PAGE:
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Three Republican state senators have authored legislation that would limit the authority of local health officers, a bill introduced in response to actions taken during the ongoing coronavirus pandemic.

Health officers around the state have implemented numerous restrictions to mitigate spread of the deadly virus since it first surfaced in early 2020. Their actions followed orders by Gov. Eric Holcomb, whose mandates also face legislative scrutiny in the Indiana General Assembly.

Many Hoosiers have felt the unintended consequences of those orders, especially business owners and service industries, who have seen profits plummet and customers stay away.

That led to accusations of overreach as some questioned the authority of those who, as the pandemic emerged, sought to impede its spread.

Enter Senate Bill 48, authored by Sens. James Tomes (District 49), Blake Doriot (District 12) and Ron Alting, (District 22).

A key provision of the bill would limit to 14 days the time in which a mandate issued by a local health officer or health board can be in effect, unless a county or city official approves extending it. The same time restriction would apply to the governor.

The legislation also sets maximum fines a local health department can assess for violations of local orders pertaining to control of communicable diseases.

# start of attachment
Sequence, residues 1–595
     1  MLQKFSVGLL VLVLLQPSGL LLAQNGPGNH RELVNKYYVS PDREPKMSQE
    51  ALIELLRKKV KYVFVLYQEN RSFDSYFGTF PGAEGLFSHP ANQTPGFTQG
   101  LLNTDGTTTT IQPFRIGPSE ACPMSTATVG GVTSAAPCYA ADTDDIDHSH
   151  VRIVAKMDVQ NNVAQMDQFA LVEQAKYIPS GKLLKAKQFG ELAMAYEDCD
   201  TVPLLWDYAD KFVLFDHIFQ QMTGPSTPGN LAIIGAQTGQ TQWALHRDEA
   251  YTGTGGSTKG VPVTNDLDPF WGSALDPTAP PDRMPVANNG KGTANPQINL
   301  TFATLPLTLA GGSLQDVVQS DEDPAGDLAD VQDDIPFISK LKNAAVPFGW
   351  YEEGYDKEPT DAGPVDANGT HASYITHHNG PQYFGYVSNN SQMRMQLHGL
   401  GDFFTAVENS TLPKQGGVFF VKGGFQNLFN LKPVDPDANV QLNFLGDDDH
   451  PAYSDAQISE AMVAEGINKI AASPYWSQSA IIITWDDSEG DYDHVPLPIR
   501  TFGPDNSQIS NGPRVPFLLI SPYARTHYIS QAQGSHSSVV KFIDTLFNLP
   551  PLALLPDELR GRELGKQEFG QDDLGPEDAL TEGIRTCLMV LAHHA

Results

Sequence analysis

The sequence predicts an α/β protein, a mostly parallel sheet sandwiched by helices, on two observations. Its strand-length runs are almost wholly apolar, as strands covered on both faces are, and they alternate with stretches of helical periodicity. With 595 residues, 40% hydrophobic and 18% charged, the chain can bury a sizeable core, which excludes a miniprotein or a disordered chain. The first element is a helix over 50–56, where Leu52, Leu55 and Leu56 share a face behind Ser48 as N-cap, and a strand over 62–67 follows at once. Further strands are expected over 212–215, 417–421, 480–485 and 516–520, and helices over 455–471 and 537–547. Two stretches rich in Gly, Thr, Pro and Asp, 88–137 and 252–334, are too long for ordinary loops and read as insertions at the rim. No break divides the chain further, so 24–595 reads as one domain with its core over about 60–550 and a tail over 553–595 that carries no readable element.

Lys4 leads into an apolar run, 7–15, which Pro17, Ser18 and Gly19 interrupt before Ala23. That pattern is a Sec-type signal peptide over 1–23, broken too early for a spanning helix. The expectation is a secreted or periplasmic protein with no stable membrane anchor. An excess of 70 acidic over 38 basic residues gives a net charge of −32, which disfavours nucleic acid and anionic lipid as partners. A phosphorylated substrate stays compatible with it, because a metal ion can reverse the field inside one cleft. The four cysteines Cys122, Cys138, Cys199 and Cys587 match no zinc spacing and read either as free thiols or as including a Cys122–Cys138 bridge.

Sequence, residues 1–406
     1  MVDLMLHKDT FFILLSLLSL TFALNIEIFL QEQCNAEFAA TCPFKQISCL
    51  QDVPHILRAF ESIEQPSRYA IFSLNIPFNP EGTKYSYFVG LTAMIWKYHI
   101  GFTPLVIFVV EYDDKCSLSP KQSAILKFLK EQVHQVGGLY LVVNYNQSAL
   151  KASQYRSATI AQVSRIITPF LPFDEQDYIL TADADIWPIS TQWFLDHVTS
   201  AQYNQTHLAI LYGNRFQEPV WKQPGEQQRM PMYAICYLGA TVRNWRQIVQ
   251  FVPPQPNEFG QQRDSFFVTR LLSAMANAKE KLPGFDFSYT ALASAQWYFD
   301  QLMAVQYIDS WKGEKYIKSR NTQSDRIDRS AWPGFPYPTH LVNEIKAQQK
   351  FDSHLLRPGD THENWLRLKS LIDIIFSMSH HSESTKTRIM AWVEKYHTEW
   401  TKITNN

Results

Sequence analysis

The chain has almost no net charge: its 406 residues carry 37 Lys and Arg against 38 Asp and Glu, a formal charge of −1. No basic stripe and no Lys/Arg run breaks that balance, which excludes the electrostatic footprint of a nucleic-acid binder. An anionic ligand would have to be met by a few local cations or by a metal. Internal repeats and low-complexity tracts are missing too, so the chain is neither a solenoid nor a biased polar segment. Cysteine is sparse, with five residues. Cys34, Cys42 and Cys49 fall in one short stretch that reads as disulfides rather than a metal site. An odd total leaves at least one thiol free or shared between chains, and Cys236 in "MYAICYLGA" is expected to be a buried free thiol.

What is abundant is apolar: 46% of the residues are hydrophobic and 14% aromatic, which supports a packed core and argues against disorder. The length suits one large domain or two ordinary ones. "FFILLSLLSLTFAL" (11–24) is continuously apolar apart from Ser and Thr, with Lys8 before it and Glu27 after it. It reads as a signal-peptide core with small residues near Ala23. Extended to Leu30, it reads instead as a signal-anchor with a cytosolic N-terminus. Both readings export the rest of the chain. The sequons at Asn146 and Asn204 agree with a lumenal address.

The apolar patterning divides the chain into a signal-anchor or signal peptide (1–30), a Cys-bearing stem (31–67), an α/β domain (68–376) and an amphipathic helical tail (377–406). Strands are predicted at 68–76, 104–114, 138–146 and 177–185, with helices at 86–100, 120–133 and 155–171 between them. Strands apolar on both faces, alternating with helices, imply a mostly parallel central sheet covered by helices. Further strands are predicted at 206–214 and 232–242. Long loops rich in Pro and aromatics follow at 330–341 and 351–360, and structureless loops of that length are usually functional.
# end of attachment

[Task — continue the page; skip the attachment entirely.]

Specific to COVID-19, failure to wear face coverings or social distance could draw a maximum fine of $250. Other violations could draw a maximum fine of $500 for a first offense, $1,000 for a second, and $1,500 for third and subsequent violations.

The legislation, which further outlines complaint, inspection and enforcement guidelines related to health mandates, has been referred to the Committee on Health and Provider Services. That committee will gather input and engage in important discussions about emergency health orders and the authority to issue them.

A global pandemic is new to us, and establishing response protocols based on our shared experience has merit.

We would caution, though, that adding a political layer to the decision-making process could slow the enacting of life-saving measures. Health officers have medical training that can be brought to bear when making critical decisions that affect the well-being of our communities. Most elected officials aren’t medically trained and in the absence of that training should be asking the questions, not providing the answers.

Hoosiers are better off when health officers have the latitude they need to call the shots.

The News and Tribune

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